Thistles and art ghosts 

Visual Arts Review | thru March

Visual Arts Review | thru March
Herron School of Art graduates have been under the spotlight of late with three exhibits now up around town, and another that closed a few weeks ago, that focus on Herron"s success stories: artists who have made or are continuing to make something of their artistic selves.
"Decorated Mountain" by Brian Fick, part of the exhibit on view at Woodburn & Westcott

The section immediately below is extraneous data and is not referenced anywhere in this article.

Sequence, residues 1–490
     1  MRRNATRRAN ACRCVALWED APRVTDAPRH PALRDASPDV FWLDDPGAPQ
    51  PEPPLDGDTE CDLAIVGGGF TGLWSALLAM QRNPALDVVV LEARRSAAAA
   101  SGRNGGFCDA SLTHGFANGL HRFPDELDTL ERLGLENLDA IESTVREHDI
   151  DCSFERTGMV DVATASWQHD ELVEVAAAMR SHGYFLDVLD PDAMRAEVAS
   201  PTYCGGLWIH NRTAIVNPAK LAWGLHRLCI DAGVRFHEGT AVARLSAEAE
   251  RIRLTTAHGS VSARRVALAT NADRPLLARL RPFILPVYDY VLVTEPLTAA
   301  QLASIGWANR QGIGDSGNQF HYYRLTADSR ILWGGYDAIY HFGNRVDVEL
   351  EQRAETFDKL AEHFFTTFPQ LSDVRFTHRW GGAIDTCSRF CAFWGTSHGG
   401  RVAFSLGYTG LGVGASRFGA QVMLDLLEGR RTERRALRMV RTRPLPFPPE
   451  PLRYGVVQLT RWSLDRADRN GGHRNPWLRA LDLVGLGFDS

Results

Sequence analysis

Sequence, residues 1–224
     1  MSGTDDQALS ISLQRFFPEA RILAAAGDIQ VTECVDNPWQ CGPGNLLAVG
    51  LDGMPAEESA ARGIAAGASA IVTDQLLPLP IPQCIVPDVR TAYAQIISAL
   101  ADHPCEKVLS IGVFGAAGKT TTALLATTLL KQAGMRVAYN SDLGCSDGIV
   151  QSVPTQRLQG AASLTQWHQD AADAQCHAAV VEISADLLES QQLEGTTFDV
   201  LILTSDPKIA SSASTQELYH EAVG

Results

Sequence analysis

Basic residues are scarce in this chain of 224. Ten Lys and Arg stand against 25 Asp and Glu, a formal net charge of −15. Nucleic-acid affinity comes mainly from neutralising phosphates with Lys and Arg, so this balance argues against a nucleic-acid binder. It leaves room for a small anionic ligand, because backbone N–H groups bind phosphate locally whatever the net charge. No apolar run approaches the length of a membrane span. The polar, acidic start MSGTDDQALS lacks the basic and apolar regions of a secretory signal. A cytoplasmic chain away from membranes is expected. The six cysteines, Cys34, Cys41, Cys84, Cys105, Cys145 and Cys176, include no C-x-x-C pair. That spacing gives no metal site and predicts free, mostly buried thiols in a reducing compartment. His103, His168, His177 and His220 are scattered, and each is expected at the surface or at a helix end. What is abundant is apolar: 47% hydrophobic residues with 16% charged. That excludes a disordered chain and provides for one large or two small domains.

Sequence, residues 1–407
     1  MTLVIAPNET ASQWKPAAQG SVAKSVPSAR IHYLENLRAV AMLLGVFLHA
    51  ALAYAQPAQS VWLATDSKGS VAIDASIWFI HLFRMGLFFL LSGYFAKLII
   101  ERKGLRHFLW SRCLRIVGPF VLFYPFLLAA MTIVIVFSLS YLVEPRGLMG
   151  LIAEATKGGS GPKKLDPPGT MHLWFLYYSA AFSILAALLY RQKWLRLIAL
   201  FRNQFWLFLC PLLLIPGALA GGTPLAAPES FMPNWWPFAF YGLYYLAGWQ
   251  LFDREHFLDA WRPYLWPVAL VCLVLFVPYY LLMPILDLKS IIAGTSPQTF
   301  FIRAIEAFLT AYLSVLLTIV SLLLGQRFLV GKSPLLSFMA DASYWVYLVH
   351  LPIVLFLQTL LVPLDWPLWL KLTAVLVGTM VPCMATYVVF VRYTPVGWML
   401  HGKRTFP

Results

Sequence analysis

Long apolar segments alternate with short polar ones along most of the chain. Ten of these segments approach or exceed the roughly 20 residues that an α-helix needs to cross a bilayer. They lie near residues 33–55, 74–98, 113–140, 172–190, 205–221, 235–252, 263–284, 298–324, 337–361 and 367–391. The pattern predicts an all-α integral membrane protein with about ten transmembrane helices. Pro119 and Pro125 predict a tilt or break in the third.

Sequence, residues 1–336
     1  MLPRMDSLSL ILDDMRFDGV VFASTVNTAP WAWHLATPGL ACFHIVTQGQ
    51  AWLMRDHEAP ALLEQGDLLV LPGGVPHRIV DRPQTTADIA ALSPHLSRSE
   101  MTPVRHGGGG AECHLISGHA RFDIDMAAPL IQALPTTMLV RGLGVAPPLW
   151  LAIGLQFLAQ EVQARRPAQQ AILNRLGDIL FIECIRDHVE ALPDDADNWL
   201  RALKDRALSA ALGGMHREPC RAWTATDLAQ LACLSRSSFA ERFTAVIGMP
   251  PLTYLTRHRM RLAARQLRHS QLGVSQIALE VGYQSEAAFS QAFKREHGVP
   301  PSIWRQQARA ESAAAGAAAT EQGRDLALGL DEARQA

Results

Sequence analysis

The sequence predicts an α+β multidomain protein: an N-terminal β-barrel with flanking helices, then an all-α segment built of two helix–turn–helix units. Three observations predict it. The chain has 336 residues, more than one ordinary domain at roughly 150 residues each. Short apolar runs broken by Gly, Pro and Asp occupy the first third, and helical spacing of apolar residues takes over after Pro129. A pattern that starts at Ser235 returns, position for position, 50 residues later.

Among these, and the one that is not under the auspices or direct collaboration of the Herron-at-IUPUI institution, Woodburn & Westcott"s The Herron Legacy exhibits the work of 11 Herron-affiliated artists, either graduates or teachers, all of whom are represented by the commercial gallery. And Woodburn & Westcott has chosen well: These are artists with solid name recognition, for the most part (at least around these parts), and their work is deserving. The Herron Legacy also allows us to explore the various directions artists pursue, especially when they have the right mixture of talent and drive. Ed Sanders" moody paintings are evocative and abstract; they reveal the artist"s maturity of voice and facility with the brush. Particularly strong is "Bride," a painting of a woman, set far back in the canvas, whose face is indiscernible under thickly layered paint. This, of course, could be read as either emergence or retreat. Kevin Robert Leslie"s paintings of meat carcasses are perhaps more experimental, but they are not easier to look at; these really are carcasses after all. (Leslie"s Meat & Metal exhibit along these lines is next on tap at Woodburn & Westcott, with an opening scheduled for April 4.) The artist"s sculptures, though, while abstract, ask us to ponder more symbolic paths: "Circle the Void #2," for example, is a series of upstanding concentric circles in steel, the outer ones broken. Richard Emery Nickolson"s offerings are familiar - recalling the artist"s long-standing approach of combining architectural-type drawings as insets to looser geometric ponderings, all two-dimensional and subtle in color. The artist cites architecture, the industrial landscape and poetry as interests. His works possess a poetic tension between concrete and abstract, and they are carefully crafted, cohesive structures. David Morrison steps out of the fold with his realistic renderings of super-sized objects from nature: a leaf, a seedpod, a branch of thistles. Morrison"s "Still Life #1," along the lines of Audubon"s early nature drawings, is intoxicatingly real: Floating in white space and brilliantly drawn in colored pencil, the thistle branch bristles with larger-than-life energy. One of the gallery"s owners, Doris Vlasek Hails, counts herself among the Herron affiliates. A selection of her paintings and sculptures from the archives is on view here - among them, the memorable "Art Gallery," in which art, viewers and ghosts subtly cavort so it is unclear who is watching whom, or what. Hails" surrealistic edge is also present in "City at Dusk," a large canvas depicting large hands pulling a sheet of blue over the skyline. The Herron Legacy also includes works from veteran Herron professor and one of the city"s premier abstractionists, Robert Berkshire; mysterious landscapes with decorative borders by Brian Fink; lyrical, expertly wrought and funky but timeless functional wood pieces by Joe Bricker; the traditional impressionist-type paintings of Avery Dellinger II; the graphic works of N. Beth Line; and finally, as if to usher in spring, the lush landscapes of Lynn Thomsen in their characteristic, well-lit greens below blue skies. Woodburn & Westcott"s The Herron Legacy is on view through the month of March. The gallery is located in historic Fountain Square at 1043 Virginia Ave., Suite 5; phone 916-6062. Gallery hours: Thursday-Saturday, 11 a.m.-6 p.m.

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